When Richard Burton visited Dayton on October 19, 1860, he described a town that had already lost the gold-rush excitement of the previous year. A gravel pit now occupies the site of Spafford’s Hall Station, and the Union Hotel stands at the second Pony Express station site.

Dayton, Nevada courthouse built in 1864. - Chester Barton collection
Dayton, Nevada courthouse built in 1864. – Chester Barton collection

Dayton Map

Dayton Town Summary

NameDayton Station
LocationLyon County, Nevada
Latitude, Longitude39.2363, -119.5874
NPS Station Number163
Next Westbound StationCarson City Station
Next Eastbound StationMiller’s / Reed Station

Nevada State Historic Marker Text

Dayton, one of the earliest settlements in Nevada, was first known as a stopping place on the river for California–bound pioneers.  Coming in from the desert, they rested here before continuing westward.

In 1849, Abner Blackburn found a gold nugget at the mouth of Gold Canyon and prospecting began in the canyon to the north.  Ten years later, this led to the discovery of the fabulous ore deposits at Gold Hill and Virginia City.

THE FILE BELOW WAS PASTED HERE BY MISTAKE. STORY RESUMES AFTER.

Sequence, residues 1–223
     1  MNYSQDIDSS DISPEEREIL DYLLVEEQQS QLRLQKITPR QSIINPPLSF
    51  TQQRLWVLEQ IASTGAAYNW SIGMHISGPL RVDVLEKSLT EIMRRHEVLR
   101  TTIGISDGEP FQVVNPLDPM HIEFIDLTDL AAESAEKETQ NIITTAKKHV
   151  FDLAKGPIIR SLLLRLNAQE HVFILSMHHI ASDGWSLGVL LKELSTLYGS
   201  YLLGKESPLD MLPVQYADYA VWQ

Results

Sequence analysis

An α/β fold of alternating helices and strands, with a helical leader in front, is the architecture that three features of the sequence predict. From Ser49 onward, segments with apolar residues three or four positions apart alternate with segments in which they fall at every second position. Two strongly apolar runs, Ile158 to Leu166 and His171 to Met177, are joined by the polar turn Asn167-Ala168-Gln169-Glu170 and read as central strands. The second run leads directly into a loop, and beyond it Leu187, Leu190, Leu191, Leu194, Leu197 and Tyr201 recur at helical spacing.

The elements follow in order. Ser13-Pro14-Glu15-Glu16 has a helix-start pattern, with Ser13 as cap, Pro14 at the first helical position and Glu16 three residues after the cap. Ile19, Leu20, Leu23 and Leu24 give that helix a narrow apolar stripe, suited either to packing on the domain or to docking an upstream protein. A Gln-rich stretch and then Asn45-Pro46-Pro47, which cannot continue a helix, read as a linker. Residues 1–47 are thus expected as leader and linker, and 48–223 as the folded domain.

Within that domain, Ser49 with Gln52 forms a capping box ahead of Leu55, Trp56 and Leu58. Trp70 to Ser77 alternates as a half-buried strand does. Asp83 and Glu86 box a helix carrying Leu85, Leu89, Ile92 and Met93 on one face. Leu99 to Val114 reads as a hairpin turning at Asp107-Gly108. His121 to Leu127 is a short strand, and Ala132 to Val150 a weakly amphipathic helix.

Called by several different names in its early years, the place became Dayton in 1861, named in honor of John Day who laid out the town.

For many decades Dayton prospered as a mill and trading center. It remained the county seat for Lyon County until 1911.



Carson City Station – Pony Express Station

Carson City Station was a pony express station located between on Carson Street between Forth and Fifth Street in Carson City, Nevada. Founded in 1858, Carson City was was named for frontiersman, Kit Carson. The town operated as a social and supply center for the nearby mining settlements of the Comstock Lode in the mid-1800’s. In 1864 it was designated the state capital. The station is designated as a home station, where extra horses, firearms, men and provision are kept.

King Street, General View, 1880, Carson City, Carson City, NV
King Street, General View, 1880, Carson City, Carson City, NV

In 1860. the town only had one street, which is lined with a double row of saloons, a few assay offices, a general store, and the hotel. The pony express station operated out of a hotel that located between 4th and 5th Streets, near the original Ormsby House.

Pony Express

Sources generally agree on the identity of Carson City as a pony express stop. Little information is available about the Carson City Station site, which was located on what is now Carson Street between Fourth and Fifth. Bolivar Roberts, division superintendent, used site as a base in March 1860 to hire riders and station keepers. Since he worked as part of a team to build or acquire other stations along the route, Roberts also probably helped established the location.

Carson City, Nevada - 1880
Carson City, Nevada – 1880

NameCarson City Station
LocationCarson City, Nevada
Latitude, Longitude
NPS Statopm Number164
Next Westbound StationGenoa
Next Eastbound StationDayton Station